Southern Has No ‘Skin in Game’ if Vogtle Defaults

Guest Blog | February 23, 2012 | Press Releases

WASHINGTON, D.C. – February 23, 2012 – With the U.S. Department of Energy (DOE) believed to be just days away from awarding a $8.33 billion taxpayer-backed loan guarantee to Southern Company/Georgia Power and their utility partners for the proposed Vogtle reactors in Georgia, concerned groups are warning that several falsehoods are being spread about the risks faced by U.S. taxpayers.

In particular, the Southern Alliance for Clean Energy and NC WARN pointed to a news release circulated on February 16, 2012 by the Nuclear Energy Institute, the trade organization for the nuclear industry.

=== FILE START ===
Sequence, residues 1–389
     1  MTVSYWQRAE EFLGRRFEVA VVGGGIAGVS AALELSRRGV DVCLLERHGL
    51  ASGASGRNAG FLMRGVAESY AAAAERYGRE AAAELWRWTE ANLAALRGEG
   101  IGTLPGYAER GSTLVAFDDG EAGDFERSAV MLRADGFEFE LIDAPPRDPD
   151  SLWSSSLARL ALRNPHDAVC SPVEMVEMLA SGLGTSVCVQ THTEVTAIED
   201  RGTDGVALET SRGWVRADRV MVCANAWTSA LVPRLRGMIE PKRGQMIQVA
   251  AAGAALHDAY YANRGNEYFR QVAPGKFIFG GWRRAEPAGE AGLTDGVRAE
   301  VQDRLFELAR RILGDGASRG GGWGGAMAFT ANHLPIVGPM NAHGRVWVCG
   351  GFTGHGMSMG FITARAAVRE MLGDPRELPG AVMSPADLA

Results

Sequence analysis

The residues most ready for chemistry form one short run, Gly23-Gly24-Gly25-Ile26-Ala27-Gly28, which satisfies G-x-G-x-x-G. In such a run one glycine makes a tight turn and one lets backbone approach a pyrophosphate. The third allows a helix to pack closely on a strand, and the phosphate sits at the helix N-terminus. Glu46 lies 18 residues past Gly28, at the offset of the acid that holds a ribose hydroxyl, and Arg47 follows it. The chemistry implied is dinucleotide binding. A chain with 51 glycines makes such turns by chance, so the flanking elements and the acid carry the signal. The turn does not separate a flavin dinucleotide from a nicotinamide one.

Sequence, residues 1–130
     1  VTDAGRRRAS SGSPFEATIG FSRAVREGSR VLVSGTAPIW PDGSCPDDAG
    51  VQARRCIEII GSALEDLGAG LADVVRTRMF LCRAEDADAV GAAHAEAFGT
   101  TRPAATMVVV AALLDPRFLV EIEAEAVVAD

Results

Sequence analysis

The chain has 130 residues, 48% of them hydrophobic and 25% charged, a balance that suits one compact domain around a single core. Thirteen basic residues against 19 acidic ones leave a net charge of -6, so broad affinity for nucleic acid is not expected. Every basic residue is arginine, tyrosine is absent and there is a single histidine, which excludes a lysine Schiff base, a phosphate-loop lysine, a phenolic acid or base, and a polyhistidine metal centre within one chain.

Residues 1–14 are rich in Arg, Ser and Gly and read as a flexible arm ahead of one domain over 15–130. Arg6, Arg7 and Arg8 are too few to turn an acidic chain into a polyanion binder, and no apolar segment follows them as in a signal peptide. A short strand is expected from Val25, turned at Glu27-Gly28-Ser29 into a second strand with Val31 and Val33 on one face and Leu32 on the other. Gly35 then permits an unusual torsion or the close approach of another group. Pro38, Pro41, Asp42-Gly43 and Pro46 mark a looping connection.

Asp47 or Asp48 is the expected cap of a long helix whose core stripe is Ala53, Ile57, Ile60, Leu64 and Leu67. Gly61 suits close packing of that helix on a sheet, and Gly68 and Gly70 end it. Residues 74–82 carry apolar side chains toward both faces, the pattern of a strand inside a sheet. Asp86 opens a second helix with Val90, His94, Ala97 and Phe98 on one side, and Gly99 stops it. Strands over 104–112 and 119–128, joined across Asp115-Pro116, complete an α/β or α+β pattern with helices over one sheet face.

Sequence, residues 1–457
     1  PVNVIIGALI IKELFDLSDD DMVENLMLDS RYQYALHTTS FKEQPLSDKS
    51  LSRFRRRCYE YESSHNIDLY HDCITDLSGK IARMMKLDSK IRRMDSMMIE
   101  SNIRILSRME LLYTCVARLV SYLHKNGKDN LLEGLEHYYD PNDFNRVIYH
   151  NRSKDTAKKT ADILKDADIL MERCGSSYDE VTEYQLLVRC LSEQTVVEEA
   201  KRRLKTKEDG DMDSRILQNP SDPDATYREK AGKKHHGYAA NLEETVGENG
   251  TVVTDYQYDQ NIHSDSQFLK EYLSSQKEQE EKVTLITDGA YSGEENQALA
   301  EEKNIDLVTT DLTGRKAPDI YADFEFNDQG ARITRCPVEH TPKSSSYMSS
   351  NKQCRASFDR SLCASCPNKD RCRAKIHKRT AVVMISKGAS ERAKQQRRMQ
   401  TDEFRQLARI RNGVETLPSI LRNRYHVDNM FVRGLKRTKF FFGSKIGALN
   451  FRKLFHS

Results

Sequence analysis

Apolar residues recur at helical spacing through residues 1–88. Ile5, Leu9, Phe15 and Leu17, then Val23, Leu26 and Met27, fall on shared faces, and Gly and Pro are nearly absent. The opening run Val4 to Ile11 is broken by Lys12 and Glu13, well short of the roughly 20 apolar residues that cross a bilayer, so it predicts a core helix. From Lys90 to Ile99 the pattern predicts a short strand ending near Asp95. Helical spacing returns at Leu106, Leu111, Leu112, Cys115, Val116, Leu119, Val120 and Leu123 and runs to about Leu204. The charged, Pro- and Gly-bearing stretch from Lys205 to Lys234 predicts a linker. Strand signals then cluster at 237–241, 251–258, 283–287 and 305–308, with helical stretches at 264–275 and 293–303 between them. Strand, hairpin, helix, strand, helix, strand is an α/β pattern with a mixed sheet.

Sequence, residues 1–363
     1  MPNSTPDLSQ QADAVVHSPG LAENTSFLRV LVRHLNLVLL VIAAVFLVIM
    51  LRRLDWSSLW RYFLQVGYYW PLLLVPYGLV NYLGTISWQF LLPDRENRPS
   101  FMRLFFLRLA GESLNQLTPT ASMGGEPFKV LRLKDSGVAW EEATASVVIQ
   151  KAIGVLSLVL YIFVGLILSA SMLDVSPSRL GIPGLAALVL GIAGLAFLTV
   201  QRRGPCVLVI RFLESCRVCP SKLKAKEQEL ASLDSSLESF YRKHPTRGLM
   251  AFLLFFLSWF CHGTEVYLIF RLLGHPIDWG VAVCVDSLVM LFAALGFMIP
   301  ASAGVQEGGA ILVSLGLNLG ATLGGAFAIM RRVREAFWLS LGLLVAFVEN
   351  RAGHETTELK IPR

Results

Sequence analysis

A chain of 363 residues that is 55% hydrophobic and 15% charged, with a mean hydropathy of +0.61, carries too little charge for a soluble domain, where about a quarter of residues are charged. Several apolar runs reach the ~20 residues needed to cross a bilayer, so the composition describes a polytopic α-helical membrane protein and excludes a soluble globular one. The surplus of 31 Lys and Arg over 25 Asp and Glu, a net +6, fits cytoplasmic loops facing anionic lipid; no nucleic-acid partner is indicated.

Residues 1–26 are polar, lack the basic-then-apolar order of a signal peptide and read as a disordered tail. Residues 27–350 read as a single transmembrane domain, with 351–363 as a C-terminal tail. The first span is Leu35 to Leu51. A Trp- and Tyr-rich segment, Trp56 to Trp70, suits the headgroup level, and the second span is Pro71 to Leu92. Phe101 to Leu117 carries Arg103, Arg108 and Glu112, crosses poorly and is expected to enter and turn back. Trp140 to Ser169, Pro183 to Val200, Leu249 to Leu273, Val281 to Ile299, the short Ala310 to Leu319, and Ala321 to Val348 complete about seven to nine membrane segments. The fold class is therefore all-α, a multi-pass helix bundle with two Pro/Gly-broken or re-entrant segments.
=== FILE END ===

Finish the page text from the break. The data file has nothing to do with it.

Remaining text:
Among the falsehoods contained in the release are the following: MYTH: Southern/Georgia Power is bearing a major financial risk along with U.S. taxpayers. As the NEI release states: “Georgia Power has considerable financial skin in the game with more than $4 billion already invested …” TRUTH: Southern/Georgia Power is using ratepayers to cancel out its risks. In fact, Southern Company/Georgia Power are benefitting from a “construction work in progress” (CWIP) arrangement under which ratepayers are footing the bill in advance for much of the risk that otherwise would be borne by the utility. The risks of plant cancellation, cost overruns and the emergence of cheaper technologies have all been shifted from the company to its customers by recent changes in Georgia law. This is the crucial difference between the Vogtle reactor projects and the failed Calvert Cliffs project in Maryland and the South Texas Project, where utilities could not immunize themselves against risk by tapping up front the pocketbooks of ratepayers. Furthermore, the amount of money invested by Georgia Power under this no-risk legal framework does not approach $4 billion. According to filings with Georgia regulators, the company has not invested even half of that amount. MYTH: The Vogtle project is on sound footing already. As the NEI release states: “In addition to the extensive due diligence activities conducted by the DOE loan guarantee program office, the Vogtle project is subject to rigorous federal and state oversight, including ongoing detailed project reviews being performed for the Georgia Public Service Commission.” TRUTH: The Vogtle reactors are already running behind schedule and heading into cost overruns. Last week, concerned organizations warned that Southern Company is deliberately keeping U.S. taxpayers in the dark by covering up the details of 12 sizeable construction “change order” requests that are expected to add major delays and cost overruns to the controversial reactor project. The secret cost overruns are discussed in a censored report from late 2011 by the independent Vogtle construction monitor, Dr. William Jacobs, who is a veteran nuclear industry engineer. Much of Jacob’s testimony was redacted by the utility in the attempt to keep the troubling information from the public, including the U.S. taxpayers who will be left holding the bag if Southern Company defaults on the federal loan guarantee. The groups are calling on the DOE to insist on full disclosure of the Vogtle delays and cost overruns before the federal agency moves ahead with a massive $8.33 billion taxpayer-backed federal loan guarantee that would be 15 times what was lost in the Solyndra debacle. (For more details, see click here.) MYTH: Unlike Solyndra, the Vogtle reactor risks are low because it is based on proven technology. As NEI states: “There is no factual basis for the nonsensical claims these groups are making about the loan guarantee for the new advanced-design reactors that will be constructed at Plant Vogtle. Solyndra was a start-up manufacturing company competing in the global solar panel technology market. It had no assets, was working with an unproven technology with no customer base or steady revenue stream and obviously no profits.” TRUTH: The AP1000 reactor is an entirely new and unproven technology. In addition to substantial legal and regulatory challenges, the AP1000 reactor faces the near-certainty of needing post-Fukushima changes to major components and systems, which would further delay reactor construction, increase costs, and boost the risk of default at the expense of U.S. taxpayers. There is no basis in previous experience to suggest that the AP1000 can come online on time or at cost; in fact, no AP1000 has yet to be completed or operated anywhere in the world. And Vogtle does have a history that should trouble taxpayers worried about assuming responsibility for the massive loan guarantee: The original two reactors at the Georgia site took almost 15 years to build, came in 1,200 percent over budget and resulted in the largest rate hike at the time in Georgia.